This is a totally unprecedented situation in the transport sector. Never before had there been any question of load shedding, of long power cuts. Large groups are therefore preparing for an unprecedented risk. The government has asked the prefects to be very attentive and to “carry out local work without delay with the authorities organizing transport, to examine questions relating to daily guided transport, says the government circular. The effective ability to circulate on their entire route, during load shedding hours, suburban trains, metros or trams must be carefully checked”. In the event that operation in non-degraded conditions cannot be guaranteed, traffic must be stopped before the start of load shedding, specifies the circular.
In Paris, the RATP seems to have fairly clear ideas. If power cuts occur at the request of the electricity transport network (RTE) or Enedis (manager of the public electricity distribution network), the metro network and the RATP RER lines (intramural and small crown) should, a priori, be little affected. The reason: they have a closed circuit power supply, the control room having seven specific high voltage stations, supplied by RTE. The RATP specifies that it could be forced to shut down certain equipment such as Escalators or elevators. For the tram network, on the other hand, the company must work with Enedis to identify the sectors which could be affected by possible load shedding measures. Powering the electric buses shouldn’t be a problem. The management, which has signed the Ecowatt charter, also says it is continuing its efforts to reduce its energy consumption.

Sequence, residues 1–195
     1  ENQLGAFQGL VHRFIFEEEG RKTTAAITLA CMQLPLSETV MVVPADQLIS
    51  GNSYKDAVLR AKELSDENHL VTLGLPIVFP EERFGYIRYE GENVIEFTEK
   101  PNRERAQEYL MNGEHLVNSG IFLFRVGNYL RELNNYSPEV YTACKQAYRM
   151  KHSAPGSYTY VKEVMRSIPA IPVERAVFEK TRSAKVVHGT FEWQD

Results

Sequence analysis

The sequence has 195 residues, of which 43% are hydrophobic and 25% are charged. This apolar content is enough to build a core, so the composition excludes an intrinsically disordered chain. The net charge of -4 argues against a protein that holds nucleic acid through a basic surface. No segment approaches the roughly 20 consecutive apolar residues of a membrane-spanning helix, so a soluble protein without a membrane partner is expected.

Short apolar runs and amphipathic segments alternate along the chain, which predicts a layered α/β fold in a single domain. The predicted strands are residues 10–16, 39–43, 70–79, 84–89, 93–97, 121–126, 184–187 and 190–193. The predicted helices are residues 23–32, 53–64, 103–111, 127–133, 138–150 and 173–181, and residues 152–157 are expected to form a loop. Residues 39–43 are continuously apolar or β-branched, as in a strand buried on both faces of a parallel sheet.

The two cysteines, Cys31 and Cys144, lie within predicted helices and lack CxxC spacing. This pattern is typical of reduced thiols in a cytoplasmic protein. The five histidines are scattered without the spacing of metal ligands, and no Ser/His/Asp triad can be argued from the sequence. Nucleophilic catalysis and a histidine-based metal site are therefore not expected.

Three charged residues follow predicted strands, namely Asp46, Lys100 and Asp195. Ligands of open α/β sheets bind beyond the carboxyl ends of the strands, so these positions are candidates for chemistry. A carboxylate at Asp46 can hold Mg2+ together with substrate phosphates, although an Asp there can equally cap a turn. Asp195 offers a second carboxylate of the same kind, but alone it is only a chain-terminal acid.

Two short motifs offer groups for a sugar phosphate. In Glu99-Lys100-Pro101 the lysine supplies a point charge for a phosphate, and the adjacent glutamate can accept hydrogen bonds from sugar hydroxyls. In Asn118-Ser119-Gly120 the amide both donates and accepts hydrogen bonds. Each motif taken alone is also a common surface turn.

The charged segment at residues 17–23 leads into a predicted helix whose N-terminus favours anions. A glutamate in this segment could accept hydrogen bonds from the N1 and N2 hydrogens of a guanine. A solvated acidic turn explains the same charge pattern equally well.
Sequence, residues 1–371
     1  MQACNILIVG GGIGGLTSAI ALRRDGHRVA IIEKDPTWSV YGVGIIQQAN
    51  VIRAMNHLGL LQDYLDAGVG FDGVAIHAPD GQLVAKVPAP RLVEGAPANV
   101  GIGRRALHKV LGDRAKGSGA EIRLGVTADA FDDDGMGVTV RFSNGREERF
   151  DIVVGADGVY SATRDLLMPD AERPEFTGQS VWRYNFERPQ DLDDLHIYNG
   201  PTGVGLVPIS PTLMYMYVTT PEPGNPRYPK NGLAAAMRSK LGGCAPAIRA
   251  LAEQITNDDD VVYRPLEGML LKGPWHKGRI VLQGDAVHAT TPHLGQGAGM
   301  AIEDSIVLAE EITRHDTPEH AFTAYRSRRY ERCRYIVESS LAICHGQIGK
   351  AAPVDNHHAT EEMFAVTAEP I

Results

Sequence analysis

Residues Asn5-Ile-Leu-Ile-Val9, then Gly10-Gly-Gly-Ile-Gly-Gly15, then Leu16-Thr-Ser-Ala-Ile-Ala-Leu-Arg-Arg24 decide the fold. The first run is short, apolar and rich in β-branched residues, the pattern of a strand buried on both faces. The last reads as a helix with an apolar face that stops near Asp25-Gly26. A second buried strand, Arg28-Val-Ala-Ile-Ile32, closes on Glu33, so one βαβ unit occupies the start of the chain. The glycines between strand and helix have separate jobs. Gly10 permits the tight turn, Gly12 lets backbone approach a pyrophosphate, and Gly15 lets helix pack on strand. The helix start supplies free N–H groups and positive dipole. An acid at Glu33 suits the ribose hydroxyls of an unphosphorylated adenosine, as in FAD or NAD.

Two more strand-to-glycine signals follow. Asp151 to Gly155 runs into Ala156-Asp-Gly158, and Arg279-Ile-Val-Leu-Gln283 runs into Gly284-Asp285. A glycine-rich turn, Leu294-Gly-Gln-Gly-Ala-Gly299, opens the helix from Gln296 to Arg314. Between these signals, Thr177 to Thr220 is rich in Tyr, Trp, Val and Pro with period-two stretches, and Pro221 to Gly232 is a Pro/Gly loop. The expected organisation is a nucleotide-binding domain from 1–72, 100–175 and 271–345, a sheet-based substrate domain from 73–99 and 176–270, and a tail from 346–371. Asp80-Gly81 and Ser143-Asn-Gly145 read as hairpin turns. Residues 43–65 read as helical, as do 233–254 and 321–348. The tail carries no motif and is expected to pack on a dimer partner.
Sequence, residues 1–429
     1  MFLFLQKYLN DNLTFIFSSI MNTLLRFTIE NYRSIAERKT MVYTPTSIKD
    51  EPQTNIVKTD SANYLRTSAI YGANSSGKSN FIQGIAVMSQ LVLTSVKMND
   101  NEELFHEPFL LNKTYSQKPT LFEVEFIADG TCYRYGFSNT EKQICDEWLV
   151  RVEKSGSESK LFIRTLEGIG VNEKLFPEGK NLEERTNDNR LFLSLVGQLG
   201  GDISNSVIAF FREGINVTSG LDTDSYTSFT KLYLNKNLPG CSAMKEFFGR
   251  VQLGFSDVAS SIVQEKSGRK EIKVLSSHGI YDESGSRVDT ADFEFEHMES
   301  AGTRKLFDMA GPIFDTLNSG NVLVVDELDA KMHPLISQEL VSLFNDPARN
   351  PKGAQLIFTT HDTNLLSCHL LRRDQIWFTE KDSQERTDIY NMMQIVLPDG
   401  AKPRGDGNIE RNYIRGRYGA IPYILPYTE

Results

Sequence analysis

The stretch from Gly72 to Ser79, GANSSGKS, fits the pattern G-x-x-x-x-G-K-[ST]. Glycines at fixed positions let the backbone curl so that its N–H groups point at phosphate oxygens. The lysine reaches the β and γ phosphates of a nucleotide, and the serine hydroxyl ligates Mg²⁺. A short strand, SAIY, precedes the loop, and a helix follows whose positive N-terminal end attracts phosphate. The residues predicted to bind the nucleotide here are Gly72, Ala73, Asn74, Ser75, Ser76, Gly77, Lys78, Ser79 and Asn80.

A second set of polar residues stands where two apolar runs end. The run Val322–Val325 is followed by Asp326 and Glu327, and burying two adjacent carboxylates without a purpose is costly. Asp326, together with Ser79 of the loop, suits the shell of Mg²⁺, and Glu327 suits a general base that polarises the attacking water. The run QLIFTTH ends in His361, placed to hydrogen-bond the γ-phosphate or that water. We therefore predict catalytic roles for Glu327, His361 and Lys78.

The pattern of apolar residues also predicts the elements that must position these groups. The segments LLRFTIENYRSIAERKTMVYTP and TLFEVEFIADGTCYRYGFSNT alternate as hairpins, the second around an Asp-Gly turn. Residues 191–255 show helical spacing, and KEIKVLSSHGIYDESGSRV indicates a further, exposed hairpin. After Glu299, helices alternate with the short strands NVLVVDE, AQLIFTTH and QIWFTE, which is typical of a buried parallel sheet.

Secure every route
The company Keolis (subsidiary of the SNCF), which operates several urban networks outside Paris, in particular those of Lyon and Rennes, is proceeding with caution on the subject, but has sent requests to the public authorities and to the electricity distribution companies: no load shedding for the metros, which must be considered a priority, consistent with their status as an operator of vital importance – this could expose, in the event of unexpected power cuts, to evacuations through tunnels which are always problematic. The possible load shedding for trams seems to them operationally less critical, even if it would be very disturbing for users. The corollary is the need to have, no later than the day before, at 5 p.m., precise information as to the hours of load shedding the next day. “We cannot make announcements to travelers on the sole basis of a potential risk of load shedding”says Keolis.
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Source: Le Monde